In 1895, a special committee appointed to investigate the renovation of Bigelow Chapel concluded that refurbishing the building would be equal to the cost of constructing a new structure.[iii] In addition, more space was needed for the Cemetery’s growing administrative staff. The committee recommended to the trustees the “construction of a new Chapel, and at the same time, and in connection therewith, a building for the offices of the Corporation. . . . By connecting the two buildings, both can be more conveniently and economically heated, and cared for.”[iv] The cost of construction totaled approximately $68,000.[v]
The trustees expressed their desire for a style of building in keeping with the other architectural landmarks within the Cemetery including the Egyptian Revival Gateway and Bigelow Chapel. A design competition included plans submitted by the architectural firms Longfellow, Alden and Harlow; Coolidge and Wright; G. Wilton Lewis; and Willard Thomas Sears.[vi] Sears, the chosen architect, designed the Old South Church in Boston’s Copley Square (1873), and was currently working with Isabella Stewart Gardner on Fenway Court, the home of Mrs. Gardner that later became the Isabella Stewart Gardner Museum (1900-1902). [vii] Sears would also oversee the interior renovation of Bigelow Chapel in 1899 for the installation of a new crematory.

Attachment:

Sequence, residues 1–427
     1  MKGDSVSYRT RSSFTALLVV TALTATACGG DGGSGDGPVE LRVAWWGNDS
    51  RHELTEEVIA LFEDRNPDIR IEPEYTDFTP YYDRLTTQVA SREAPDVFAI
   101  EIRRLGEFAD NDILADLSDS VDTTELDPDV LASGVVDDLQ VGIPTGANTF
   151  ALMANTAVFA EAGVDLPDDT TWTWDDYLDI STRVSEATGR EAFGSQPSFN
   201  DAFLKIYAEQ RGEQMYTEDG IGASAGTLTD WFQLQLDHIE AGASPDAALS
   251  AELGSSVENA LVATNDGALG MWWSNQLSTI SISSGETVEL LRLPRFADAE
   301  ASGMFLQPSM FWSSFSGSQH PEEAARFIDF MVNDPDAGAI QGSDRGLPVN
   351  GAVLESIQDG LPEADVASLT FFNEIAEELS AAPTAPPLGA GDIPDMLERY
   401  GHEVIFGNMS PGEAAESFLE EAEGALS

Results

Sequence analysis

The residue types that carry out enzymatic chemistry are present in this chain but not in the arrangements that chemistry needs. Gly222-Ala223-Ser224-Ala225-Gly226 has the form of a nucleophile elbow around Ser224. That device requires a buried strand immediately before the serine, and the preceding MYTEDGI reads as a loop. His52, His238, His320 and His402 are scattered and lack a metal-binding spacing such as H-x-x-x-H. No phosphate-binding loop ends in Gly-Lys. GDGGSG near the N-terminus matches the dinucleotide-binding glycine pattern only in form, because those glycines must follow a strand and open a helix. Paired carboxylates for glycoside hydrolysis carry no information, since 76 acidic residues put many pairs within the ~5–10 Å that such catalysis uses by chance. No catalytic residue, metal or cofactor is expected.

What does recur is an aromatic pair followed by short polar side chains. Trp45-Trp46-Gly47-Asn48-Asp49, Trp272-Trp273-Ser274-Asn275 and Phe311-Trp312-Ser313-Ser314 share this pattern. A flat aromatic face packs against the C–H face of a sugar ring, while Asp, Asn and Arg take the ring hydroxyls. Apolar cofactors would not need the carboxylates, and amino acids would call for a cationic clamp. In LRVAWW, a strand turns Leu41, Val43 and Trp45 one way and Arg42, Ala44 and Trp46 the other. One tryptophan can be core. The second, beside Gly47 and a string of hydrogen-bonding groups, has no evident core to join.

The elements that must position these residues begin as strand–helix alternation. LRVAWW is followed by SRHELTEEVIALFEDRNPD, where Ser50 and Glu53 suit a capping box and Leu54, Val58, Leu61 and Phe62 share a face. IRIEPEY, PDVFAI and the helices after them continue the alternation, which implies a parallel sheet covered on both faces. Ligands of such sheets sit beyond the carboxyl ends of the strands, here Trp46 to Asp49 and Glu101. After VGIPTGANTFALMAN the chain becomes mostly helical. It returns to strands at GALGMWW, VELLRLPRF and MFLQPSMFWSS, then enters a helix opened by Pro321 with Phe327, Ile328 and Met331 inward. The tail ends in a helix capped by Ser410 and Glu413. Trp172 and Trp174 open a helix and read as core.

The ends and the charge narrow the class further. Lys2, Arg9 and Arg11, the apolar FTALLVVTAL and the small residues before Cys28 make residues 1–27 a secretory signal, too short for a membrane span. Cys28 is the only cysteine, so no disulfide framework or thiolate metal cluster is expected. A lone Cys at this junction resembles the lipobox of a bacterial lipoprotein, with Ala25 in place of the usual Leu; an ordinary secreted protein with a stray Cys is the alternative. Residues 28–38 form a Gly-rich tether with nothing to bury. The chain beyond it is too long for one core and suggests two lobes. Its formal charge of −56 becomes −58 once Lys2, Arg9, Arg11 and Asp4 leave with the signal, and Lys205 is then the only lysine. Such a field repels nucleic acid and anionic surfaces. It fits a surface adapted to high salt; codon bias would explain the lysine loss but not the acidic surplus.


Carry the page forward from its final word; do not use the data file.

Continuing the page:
Sears chose red sandstone quarried in Potsdam, New York for the construction of the Chapel and administrative offices.[viii] The stone was understood to be weather resistant and harder than granite, yet easy to carve. It was also known for its variegated colors that ranged from red to pink. Mount Auburn’s Annual Report noted that Potsdam sandstone “is a very hard stone and does not readily absorb moisture, and the color is very agreeable and pleasant to the eye. The buildings will be practically fireproof, built in the most durable manner.”[ix]
Israel Spelman, President of Mount Auburn during the time of the building’s construction, described Sears as “unremitting in his superintendence and personal attention.” [x] For the “New Chapel,” as the building was initially called, Sears explained, “The English perpendicular style of architecture as exemplified in many of the English parish churches built during the early part of the fifteenth century has been adopted.”[xi] The English gothic style was characterized by arches in the ceiling, large windows, and vertical lines in the paneling and window tracery (the support between sections of glass).